Then one day in November the Saints played the Detroit Lions. The Saints were down by 1 point with only a few seconds left in the game and they were at the impossible distance of 58 yards from the goal. The Saints send in the field goal kicker, Tom Dempsey. If there was ever an underdog, it was Tom Dempsey. He was born without toes on one foot and without fingers on one arm and since he kicked with his deformed foot, his shoe was squared off. He had an average record as a kicker, I remember him missing a kick from 10 yards out. "Hell Dempsey, my kid coulda made that one" was often hollered from the stands, perhaps from my Dad. So with a few seconds left in the game the quarterback, Billy Kilmer comes out and in goes the kicking team to attempt a field goal. A 63-yard field goal. The fans around us wave their arms in disgust. "What the...! How on earth is he going to make this one?!" Not my Dad though. Dad stood up and saw what was happening then quickly grabbed us. "Boys! Boys! Put down that popcorn and stand up. Tom Dempsey is going to kick this field goal and if he makes it no one will ever kick a longer field goal. This will be something you will never see again!"
Dad grabs us and we stand up on the bench, one of us on either side of him. The crowd has settled down as the Saints line up. Tom Dempsey carefully walks to the spot where the ball will be then backs up a few feet. A few of the Lions shake their head as if to say "No way" and then take their place at the line of scrimmage. Tulane Stadium grows quiet. There's the snap. Joe Scarpati catches the ball and places it upright in front of the now charging Tom Dempsey and boom, away goes the ball over the head of the Lions and it's high and tumbling and for the longest time the ball travels down the field and now Joe Scarpati realizes it is going to make it and he grabs hold of Tom Dempsey and Tommy & I are being squeezed tighter by my Dad and the cigar drops out of our neighbor's mouth as the ball slides over the goal post and Tulane Stadium explodes into pandemonium. The Saints mob Tom Dempsey and everyone is screaming and cheering wildly. My Dad is smiling and hugging us and we are all bouncing up and down and I can't remember seeing him happier. The Saints win 19 to 17. We got cotton candy on the way to the car.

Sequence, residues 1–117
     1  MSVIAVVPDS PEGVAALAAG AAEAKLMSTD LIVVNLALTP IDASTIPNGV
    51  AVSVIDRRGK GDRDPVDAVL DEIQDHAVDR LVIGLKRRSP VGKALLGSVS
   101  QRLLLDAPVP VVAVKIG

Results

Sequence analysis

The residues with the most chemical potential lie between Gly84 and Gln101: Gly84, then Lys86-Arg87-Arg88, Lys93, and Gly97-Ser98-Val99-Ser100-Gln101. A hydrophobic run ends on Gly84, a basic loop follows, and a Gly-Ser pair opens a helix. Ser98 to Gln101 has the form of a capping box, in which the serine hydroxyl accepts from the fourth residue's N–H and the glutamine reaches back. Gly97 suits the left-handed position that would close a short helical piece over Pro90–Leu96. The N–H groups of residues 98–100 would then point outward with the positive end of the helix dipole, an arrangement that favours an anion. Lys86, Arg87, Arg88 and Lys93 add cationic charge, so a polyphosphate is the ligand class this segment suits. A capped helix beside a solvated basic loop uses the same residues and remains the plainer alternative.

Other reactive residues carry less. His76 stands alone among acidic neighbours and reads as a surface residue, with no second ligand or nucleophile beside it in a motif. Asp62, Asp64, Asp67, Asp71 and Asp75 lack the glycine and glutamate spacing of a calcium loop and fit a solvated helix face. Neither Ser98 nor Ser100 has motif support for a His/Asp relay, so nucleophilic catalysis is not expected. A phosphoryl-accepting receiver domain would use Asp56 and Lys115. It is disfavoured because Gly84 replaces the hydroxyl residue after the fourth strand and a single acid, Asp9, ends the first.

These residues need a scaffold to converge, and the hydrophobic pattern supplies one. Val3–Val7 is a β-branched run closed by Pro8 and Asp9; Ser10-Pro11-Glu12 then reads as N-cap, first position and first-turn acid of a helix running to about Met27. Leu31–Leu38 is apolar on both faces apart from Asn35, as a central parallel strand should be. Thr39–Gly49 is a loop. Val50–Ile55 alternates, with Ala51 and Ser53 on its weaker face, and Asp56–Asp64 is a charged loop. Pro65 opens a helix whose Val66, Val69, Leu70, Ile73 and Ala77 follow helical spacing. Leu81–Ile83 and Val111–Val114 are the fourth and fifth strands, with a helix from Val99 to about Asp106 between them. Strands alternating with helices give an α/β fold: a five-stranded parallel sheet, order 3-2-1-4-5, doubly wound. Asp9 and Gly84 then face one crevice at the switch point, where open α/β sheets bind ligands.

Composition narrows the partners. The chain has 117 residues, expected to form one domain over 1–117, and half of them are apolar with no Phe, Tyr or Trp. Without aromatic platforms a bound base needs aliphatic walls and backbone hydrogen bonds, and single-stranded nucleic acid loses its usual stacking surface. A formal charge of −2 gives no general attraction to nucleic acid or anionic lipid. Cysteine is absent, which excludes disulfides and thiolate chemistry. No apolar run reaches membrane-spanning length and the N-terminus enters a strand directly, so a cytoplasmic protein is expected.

Tom Dempsey, the underdog, saved the day.
Looking back on that moment I can understand what my Dad loved about football and especially the Saints. The perennial underdogs occasionally can bring home a big win or go on to win a Super Bowl. My Dad eventually became a judge. In his court it was possible for the little guy, the underdog, to win the day. There are rules in life and if those rules are broken then there are consequences. An outscored team will lose a ball game. A man caught robbing a store will go to jail. My Dad wanted my brother and I to understand that we all have decisions to make in our lives and those decisions have consequences. When the clock runs out there is no going back. Some of life's hardest lessons learned were due to my brother and I making poor decisions and Dad always reminded us that we have no one to blame but ourselves. Fathers can coach up to a certain point and after that it was up to us to make good decisions.
My brother and I were very lucky. Our Dad was a good coach.
John Malik grew up in La Place rooting for the Saints. He is the Author of Doughnuts for Amy, an E-Novel available for Kindle or Nook.